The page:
NCPA Letter to Trump Urges for DIR Reform to Lower Drug Prices


In a letter to President Trump, NCPA CEO explained that failure to implement sweeping DIR fee reform would be detrimental to independent community pharmacies and their patients.

President Trump

The National Community Pharmacists Association (NCPA) pressured the Trump administration to eliminate pharmacy direct and indirect renumeration (DIR) fees that inflate drug costs for seniors and negatively impact independent community pharmacies.1

In a letter to president Trump, NCPA CEO B. Douglas Hoey explained that the viability of independent community pharmacies, especially given the amplified instability of pharmacies amid the novel coronavirus disease 2019 (COVID-19) pandemic, depends on DIR reform.2

In a NCPA press release, Hoey highlighted that pharmacy DIR fees are a secretive strategy by prescription drug management divisions (PBMs) to “raise prescription prices on seniors at the pharmacy counter.”1

But DIR fees not only hit seniors hard, according to Hoey. They are “also detrimental to taxpayers and neighborhood pharmacies,” he said.1

The letter to Trump presented NCPA’s reach across the nation, as the association represents the United States’ 21,000 independent community pharmacies, representing a $76 billion health care marketplace and 250,000 employees who provide pharmacy services to millions of patients each day.2

Hoey cited media reports warning that drug pricing may be addressed with executive orders from the Trump administration seeking to nix the safe harbor protections for rebates paid by manufacturers to the PBMs owned by large insurance companies. 1,2 NCPA therefore stressed the necessity of DIR fee reform in effectively lowering prescription costs and protecting independent community pharmacies, which serve some of the nation’s most vulnerable populations on the basis of health care access.1,2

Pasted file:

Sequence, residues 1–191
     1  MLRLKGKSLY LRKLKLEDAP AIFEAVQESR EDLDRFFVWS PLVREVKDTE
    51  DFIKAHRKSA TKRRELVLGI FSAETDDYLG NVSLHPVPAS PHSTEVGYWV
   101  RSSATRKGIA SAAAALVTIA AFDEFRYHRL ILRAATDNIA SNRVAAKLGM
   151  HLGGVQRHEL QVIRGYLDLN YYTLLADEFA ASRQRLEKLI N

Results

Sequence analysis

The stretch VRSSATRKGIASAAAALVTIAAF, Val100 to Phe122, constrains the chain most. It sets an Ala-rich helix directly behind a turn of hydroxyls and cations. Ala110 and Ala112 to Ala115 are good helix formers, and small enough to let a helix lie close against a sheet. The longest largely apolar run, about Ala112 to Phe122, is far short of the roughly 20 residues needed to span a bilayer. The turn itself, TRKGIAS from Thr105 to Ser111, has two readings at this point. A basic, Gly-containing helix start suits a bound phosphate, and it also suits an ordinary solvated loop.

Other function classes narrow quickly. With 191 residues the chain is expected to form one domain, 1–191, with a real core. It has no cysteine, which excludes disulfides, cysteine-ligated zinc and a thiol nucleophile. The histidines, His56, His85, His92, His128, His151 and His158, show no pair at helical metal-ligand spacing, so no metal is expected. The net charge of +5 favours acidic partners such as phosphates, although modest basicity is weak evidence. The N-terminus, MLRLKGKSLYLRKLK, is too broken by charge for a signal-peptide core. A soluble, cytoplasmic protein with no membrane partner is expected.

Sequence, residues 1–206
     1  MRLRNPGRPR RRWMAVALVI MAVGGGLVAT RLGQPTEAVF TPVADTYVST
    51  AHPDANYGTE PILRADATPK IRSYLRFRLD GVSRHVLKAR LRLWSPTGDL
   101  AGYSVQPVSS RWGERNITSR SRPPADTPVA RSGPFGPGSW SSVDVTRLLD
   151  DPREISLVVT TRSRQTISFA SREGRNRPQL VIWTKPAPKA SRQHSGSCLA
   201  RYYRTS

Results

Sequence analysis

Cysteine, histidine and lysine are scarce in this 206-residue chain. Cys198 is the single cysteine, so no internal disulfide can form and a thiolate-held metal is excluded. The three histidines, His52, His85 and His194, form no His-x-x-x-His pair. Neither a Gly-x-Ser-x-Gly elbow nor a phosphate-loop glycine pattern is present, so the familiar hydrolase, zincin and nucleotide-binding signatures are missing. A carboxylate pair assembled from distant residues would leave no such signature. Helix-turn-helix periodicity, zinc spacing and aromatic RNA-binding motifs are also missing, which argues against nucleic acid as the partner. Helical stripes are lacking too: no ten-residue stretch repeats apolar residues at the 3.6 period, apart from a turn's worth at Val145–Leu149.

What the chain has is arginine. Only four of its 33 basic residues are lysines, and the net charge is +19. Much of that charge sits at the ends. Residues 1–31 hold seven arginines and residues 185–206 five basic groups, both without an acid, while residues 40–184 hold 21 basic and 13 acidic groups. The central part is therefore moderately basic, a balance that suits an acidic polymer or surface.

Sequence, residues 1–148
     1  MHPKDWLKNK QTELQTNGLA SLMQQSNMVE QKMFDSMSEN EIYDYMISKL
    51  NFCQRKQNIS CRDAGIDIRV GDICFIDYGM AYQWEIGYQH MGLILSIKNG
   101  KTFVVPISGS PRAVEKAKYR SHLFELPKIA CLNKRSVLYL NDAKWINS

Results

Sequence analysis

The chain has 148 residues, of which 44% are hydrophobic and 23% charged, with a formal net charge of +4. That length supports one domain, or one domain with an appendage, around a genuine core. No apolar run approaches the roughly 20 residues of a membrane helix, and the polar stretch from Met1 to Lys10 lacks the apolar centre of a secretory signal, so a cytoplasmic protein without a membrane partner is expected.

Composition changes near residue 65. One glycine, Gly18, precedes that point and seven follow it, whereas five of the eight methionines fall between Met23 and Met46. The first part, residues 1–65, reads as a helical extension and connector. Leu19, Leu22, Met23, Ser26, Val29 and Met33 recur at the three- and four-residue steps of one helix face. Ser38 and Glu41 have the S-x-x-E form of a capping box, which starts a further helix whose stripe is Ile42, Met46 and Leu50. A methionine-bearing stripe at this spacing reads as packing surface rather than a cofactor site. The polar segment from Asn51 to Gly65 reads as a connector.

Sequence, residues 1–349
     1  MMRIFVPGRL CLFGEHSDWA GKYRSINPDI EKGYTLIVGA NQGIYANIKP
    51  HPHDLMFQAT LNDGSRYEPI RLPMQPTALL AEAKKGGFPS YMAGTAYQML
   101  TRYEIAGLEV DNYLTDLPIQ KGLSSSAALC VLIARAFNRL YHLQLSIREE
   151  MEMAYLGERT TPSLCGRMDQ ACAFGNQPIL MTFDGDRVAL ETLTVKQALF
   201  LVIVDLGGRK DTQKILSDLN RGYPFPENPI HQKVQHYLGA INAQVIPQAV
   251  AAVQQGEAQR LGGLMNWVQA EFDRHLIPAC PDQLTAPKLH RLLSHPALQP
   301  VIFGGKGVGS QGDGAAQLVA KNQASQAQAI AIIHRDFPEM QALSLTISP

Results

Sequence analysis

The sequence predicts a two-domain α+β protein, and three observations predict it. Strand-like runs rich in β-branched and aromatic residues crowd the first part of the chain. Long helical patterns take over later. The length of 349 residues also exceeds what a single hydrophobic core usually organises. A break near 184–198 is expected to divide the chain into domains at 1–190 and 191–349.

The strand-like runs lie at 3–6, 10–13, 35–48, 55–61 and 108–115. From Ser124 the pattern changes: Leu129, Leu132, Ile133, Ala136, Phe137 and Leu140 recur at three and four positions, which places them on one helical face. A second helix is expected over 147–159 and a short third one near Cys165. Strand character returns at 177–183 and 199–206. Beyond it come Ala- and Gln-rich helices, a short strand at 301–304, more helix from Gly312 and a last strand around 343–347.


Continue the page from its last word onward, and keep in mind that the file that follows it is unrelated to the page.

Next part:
Systemic change supporting small business pharmacies amid the pandemic is critical; NCPA outlined the following minimum requirements if rebates are to be effectively eliminated:2

  • Fix pharmacy DIR fees
  • Secure timeliness of reimbursement payments for drug products through Medicare Part D protections
  • Solidify transparency of total and final reimbursement and chargeback amounts due at the point of sale, as well as receive claim-level detail that substantiate the total and final reimbursement of payer amounts and chargeback amounts
  • Secure financial viability, meaning that independent community pharmacies should not be liable for cost of implementing a system in response to the proposed rebate rule
  • Implement appropriate and effective agency oversight of a system contemplated by the proposed rebate rule
  • Safeguard small business protections, such as the right to appeal, inquire about missing payments, utilize audit processes, and engage in dispute resolution
  • Offer the opportunity for independent community pharmacies to choose business partners, where independent community pharmacies are offered the autonomy to engage in business with any treading partners in the supply, billing, or reconciliation chain in a new system contemplated by this proposed rebate rule

Though failure to implement sweeping DIR reform and independent community pharmacy protections would no doubt be detrimental to the viability of these pharmacies, NCPA also clarified that, in the end, it will be the patient who would be hurt the most.1

“Independent pharmacies cannot withstand these increases. Seniors can’t afford to continue paying higher prescription prices at the pharmacy counter that wind up padding the pockets of large insurance companies,” Hoey said.1 “The PBMs are using the fees to drive community pharmacies out of businesses and patients will suffer most.”


  1. NCPA CEO to Trump: Fix DIR Fees to Lower Drug Costs. News Release. NCPA; July 22, 2020. Accessed July 23, 2020.
  2. Hoey BD. Letter to President Trump. July 21, 2020. Accessed July 23, 2020.

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